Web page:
The diabetes drug Avandia, once the world's top-selling diabetes medication, took two more hits Monday with one new study linking it to an increased risk of heart attacks and a separate study linking it to an increased risk of heart failure and stroke. The research comes only weeks before an upcoming federal hearing to reconsider its fate.
The drug, also known by its generic name, rosiglitazone, was approved in 1999 to help people with Type 2 diabetes control their blood sugar. At the time, it was considered a safer alternative than existing diabetes drugs used instead of insulin. Soon after approval, however, the drug was linked to an increased risk of heart failure and bone fractures; worries about the drug's safety increased in 2007 when a meta-analysis — a pooling of previous studies — concluded that the drug increased the risk of heart attack.
One of the studies released Monday, a larger meta-analysis, found Avandia raised the risk of heart attacks by 28% to 39% as compared with other diabetes medications. The study was published online in the Archives of Internal Medicine.
The other new study, an observational study of Medicare recipients published online in the Journal of the American Medical Assn., found Avandia increased the risk of stroke by 27%, heart failure by 25% and death from any cause by 13% compared with another popular diabetes drug, Actos.
"We have two studies done by independent groups, published in very responsible journals using different approaches coming to the same conclusion," said Dr. Steven Nissen, chairman of the department of cardiovascular medicine at the Cleveland Clinic Foundation and the lead author of the Archives study and the 2007 analysis. "It's everything we know about this drug during its very sad and unfortunate history."
Both studies are scheduled for print publication in July. They were released early in advance of a Food and Drug Administration hearing on July 13 and 14 that will consider whether Avandia should remain on the market.
The drug's manufacturer, GlaxoSmithKline, defended Avandia on Monday, saying that the new studies stand in contrast to a randomized clinical trial of 4,447 patients conducted by Glaxo. That study found rates of hospitalization and deaths from cardiovascular events were similar among Avandia patients and those taking other diabetes medications, such as metformin and sulfonylurea.
The study, called RECORD, for Rosiglitazone Evaluated for Cardiovascular Outcomes and Regulation of Glycemia in Diabetes, was published last year in the Lancet.
Moreover, a study released Monday at the American Diabetes Assn. meeting in Orlando, Fla., found that Avandia did not increase cardiovascular events or deaths compared with other anti-diabetes drugs. The study was a post-hoc analysis — a review of a completed study — of patients with both Type 2 diabetes and heart disease.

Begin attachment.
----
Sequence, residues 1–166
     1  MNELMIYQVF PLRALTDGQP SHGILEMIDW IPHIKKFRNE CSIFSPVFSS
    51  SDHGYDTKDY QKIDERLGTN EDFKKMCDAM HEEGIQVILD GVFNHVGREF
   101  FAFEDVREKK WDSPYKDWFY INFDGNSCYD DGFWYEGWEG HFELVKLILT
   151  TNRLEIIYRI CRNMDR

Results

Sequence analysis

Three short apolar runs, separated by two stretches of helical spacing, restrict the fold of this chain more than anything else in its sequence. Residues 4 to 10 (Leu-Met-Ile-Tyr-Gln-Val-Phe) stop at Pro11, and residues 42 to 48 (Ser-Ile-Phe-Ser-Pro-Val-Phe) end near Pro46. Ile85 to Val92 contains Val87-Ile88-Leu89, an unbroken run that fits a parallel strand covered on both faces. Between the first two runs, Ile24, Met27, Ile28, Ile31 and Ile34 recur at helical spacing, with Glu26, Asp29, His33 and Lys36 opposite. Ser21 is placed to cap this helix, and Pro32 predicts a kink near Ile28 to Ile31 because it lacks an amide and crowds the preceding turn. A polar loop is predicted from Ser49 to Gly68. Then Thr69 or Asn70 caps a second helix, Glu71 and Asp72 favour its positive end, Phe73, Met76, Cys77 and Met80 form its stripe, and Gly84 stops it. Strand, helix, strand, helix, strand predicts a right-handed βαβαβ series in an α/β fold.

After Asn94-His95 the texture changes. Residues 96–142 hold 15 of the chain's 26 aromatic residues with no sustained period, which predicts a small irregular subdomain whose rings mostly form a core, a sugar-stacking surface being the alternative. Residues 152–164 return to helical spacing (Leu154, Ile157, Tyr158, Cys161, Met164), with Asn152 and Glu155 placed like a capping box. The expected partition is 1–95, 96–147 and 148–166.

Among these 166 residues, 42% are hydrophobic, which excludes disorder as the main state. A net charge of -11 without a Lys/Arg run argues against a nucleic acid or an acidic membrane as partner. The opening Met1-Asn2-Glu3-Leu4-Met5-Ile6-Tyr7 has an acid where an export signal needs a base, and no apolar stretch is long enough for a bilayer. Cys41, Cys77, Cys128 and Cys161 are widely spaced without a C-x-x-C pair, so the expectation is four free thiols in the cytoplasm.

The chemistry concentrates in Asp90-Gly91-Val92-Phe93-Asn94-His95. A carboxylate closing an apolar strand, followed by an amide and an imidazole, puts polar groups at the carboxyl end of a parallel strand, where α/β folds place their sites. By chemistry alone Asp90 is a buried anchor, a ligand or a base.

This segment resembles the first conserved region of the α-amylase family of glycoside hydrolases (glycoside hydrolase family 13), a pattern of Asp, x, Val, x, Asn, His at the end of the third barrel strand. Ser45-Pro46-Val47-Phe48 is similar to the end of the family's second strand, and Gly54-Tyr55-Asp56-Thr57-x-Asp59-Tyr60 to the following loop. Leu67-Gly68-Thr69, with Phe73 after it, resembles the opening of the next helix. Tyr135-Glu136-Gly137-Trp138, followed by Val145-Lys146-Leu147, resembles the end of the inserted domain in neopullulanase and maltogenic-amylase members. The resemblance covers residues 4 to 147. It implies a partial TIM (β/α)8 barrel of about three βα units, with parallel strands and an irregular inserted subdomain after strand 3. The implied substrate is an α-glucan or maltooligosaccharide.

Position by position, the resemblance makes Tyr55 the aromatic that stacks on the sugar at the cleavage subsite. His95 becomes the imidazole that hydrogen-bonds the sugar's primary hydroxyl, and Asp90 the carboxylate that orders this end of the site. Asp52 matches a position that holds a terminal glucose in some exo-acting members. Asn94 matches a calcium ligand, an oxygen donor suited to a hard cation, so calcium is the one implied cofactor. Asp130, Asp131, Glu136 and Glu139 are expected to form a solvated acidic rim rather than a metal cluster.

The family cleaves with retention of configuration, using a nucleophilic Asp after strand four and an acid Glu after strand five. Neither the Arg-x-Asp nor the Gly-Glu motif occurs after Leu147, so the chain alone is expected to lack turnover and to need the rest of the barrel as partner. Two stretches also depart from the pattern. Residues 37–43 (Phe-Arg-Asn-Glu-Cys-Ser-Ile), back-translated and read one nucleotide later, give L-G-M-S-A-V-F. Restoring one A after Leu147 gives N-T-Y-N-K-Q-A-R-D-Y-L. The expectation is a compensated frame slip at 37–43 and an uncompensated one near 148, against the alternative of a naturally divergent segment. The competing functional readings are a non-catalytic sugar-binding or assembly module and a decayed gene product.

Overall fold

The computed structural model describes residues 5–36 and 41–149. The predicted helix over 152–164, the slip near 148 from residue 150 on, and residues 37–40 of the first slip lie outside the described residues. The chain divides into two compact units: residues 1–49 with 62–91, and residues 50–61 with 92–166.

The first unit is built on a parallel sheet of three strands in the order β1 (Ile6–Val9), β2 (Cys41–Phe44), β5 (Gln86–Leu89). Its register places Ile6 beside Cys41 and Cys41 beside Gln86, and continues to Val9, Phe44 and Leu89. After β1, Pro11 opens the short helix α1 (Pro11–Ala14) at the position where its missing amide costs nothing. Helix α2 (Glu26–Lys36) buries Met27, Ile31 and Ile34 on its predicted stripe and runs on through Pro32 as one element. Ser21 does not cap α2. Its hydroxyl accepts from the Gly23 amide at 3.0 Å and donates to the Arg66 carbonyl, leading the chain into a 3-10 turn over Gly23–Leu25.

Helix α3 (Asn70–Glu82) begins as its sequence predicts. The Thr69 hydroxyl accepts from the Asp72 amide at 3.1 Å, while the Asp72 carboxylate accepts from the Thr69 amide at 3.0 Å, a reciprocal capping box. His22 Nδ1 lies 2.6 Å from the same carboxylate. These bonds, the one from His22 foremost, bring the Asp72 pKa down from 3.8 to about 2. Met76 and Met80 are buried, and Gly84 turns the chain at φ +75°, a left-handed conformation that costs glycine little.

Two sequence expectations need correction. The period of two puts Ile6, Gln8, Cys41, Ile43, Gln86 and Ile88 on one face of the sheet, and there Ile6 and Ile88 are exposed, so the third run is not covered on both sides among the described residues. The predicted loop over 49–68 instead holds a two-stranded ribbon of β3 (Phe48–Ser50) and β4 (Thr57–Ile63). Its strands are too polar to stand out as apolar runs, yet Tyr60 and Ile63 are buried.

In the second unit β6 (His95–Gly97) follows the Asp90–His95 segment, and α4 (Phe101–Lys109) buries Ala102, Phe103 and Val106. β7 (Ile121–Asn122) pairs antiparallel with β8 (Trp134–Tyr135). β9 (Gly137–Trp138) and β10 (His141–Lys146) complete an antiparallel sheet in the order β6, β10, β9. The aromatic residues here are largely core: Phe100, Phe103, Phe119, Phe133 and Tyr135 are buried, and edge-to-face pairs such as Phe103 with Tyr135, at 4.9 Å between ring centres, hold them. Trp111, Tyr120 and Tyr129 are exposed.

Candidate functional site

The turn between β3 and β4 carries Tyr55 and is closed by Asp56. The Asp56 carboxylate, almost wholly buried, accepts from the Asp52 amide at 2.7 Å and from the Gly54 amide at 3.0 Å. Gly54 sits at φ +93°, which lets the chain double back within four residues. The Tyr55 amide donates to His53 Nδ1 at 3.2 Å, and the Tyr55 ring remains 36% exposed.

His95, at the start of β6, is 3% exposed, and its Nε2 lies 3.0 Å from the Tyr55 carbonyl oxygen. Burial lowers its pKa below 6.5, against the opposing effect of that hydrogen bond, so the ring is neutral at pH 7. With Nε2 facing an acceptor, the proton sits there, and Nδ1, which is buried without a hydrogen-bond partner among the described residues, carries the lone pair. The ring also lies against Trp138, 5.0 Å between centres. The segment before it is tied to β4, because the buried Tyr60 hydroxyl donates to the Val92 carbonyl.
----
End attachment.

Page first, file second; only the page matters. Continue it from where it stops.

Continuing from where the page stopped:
Researchers reviewed almost five years of data comparing 992 people who had taken Avandia at some point during the study to 1,199 patients who had taken another anti-diabetes drug that was not in the same class of medication as Avandia. The study showed that people on Avandia had fewer heart attacks, strokes and deaths, but more bone fractures, than people taking other medications.
"The uncertainty that has plagued rosiglitazone from previous clinical trial data remains difficult to reconcile," said the lead author of the study, Dr. Richard G. Bach, of the Washington University School of Medicine in St. Louis.
On its website, the FDA notes that the RECORD data are the only new information on Avandia (another randomized trial is ongoing) and that the findings will be at the core of the evaluation next month.
However, Nissen said his review is the most comprehensive to date. He and colleagues at the Cleveland Clinic Foundation analyzed 56 studies, from GlaxoSmithKline and other researchers, with a total of 35,531 patients who received either Avandia or another diabetes medication for comparison. Although they found no differences in cardiovascular death rates between the two groups, they did find the increased risk of heart attack among Avandia patients.
"If you have a drug to increase the rate of heart attack by a third, it is a public health hazard that is enormous," Nissen said. "This drug has no redeeming features, no unique benefits."
The other study, published in JAMA, analyzed data from 227,571 Medicare beneficiaries who started treatment with Avandia or Actos, which is also known by its generic name, pioglitazone, between July 2006 and June 2009. That study found no difference in the risk of heart attacks but did find increased risk of stroke, heart failure and death by any means.
The discrepancy in heart attack rates in the two studies can probably be explained by patient age, Nissen said. The average age of patients in his study was 55, compared with 74 in the JAMA study. If those patients died of a heart attack before reaching the hospital, as is more common among the elderly, their deaths would not show up in the statistical analysis.
An American Diabetes Assn. consensus panel has recommended that doctors stop prescribing Avandia. In February, leaders of the U.S. Senate Committee on Finance released a report calling for Avandia's removal and charging the FDA with knowing about the drug's link to heightened cardiovascular risks well before the link became known publicly.